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Are we getting carried away with plastic bag use?

Plastic bag use by the supermarkets is on the rise again – eight billion single-use plastic bags were given away to shoppers last year. But who is responsible for weaning us off them?

We’re using 10% more single-use plastic carrier bags than we were two years ago, according to the latest figures from the Waste Resources Action Plan (Wrap). But how much of a problem is this? And is it our responsibility to fix it, or should the government and retailers be playing their part too?

Supermarket solutions

UK supermarkets no longer have targets to reduce the number of bags used, but when they did, it worked. In 2008, leading supermarkets signed an agreement to supply 50% fewer single-use plastic bags by 2009. They achieved 48%.

But since the agreement ended in May 2009, plastic bag use has risen again. This shows that supermarkets can’t reduce carrier bag use without regulation. So should they go back to having targets for reduction?

M&S is the only one of the seven major supermarkets to charge for bags – with profits going to charity. This has resulted in a 78% drop in bag use at its stores. Should other supermarkets follow suit? When we asked you last year, eight in ten thought plastic bags should be free.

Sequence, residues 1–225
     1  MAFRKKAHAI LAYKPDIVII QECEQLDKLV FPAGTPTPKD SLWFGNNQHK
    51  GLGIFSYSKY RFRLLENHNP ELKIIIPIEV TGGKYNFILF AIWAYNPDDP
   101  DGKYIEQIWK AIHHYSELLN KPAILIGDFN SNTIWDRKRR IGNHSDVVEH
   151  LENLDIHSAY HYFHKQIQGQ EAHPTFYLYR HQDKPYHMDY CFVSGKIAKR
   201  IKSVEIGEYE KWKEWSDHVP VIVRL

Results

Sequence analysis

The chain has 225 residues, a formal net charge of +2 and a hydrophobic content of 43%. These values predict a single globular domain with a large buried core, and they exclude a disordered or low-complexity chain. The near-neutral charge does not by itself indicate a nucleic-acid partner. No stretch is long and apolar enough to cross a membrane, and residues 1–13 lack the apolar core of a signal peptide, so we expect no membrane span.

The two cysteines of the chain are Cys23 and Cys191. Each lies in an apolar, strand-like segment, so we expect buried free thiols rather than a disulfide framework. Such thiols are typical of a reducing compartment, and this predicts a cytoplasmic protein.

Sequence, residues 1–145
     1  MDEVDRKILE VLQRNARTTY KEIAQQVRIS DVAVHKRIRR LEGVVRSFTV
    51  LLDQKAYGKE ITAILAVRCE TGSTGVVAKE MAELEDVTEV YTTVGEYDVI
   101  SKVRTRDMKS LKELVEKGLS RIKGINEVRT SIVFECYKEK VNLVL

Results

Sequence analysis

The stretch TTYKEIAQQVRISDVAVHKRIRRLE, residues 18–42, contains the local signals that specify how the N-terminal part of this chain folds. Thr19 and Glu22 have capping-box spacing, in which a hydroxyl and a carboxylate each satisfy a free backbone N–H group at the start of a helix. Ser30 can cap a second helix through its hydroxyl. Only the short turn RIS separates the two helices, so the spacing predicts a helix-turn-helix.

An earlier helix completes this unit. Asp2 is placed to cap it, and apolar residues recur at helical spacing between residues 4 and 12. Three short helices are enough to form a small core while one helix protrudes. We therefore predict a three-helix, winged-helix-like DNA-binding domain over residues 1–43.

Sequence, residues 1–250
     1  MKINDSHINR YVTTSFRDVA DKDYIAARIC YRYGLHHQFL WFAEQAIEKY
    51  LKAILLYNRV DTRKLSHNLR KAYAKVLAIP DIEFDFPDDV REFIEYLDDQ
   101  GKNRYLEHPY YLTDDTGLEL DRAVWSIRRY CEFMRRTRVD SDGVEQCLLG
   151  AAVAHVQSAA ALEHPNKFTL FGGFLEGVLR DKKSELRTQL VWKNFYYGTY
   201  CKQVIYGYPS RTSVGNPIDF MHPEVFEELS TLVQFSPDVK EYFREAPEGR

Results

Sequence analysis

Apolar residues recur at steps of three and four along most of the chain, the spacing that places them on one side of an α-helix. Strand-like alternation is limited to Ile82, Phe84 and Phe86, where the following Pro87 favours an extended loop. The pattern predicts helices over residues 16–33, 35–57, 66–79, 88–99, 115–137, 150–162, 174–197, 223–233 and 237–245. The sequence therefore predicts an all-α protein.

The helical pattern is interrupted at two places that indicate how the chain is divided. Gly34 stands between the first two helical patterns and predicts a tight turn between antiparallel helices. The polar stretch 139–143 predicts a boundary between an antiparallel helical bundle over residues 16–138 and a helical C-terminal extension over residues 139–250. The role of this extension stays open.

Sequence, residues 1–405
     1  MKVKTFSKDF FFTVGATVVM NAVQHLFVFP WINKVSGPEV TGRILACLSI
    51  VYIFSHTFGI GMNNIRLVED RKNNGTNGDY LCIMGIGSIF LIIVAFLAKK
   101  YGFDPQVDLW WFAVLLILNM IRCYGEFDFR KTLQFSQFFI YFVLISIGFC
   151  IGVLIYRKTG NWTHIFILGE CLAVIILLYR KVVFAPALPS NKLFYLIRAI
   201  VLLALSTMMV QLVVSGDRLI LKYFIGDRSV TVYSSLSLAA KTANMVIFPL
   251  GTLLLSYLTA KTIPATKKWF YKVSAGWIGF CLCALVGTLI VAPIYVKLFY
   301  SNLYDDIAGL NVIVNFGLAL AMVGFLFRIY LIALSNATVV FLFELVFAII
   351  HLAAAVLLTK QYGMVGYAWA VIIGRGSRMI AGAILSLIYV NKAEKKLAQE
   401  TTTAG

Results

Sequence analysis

Is it us or them?

We can all, as consumers, decide to stop accepting single-use plastic bags and use reusable bags instead, as well as reusing or recycling any single-use bags we pick up. When we asked consumers, 92% say they do reuse single-use plastic carrier bags, either for shopping (53%) or as bin liners (74%).

The government could have a role in this too – perhaps it could implement a ban or a charge for plastic bags? Countries that force shops to impose a charge on plastic bags have seen massive drops in the numbers given away. The 5p levy on single-use carrier bags introduced in Wales in 2011 resulted in Morrisons reducing carrier bag use by more than 80%.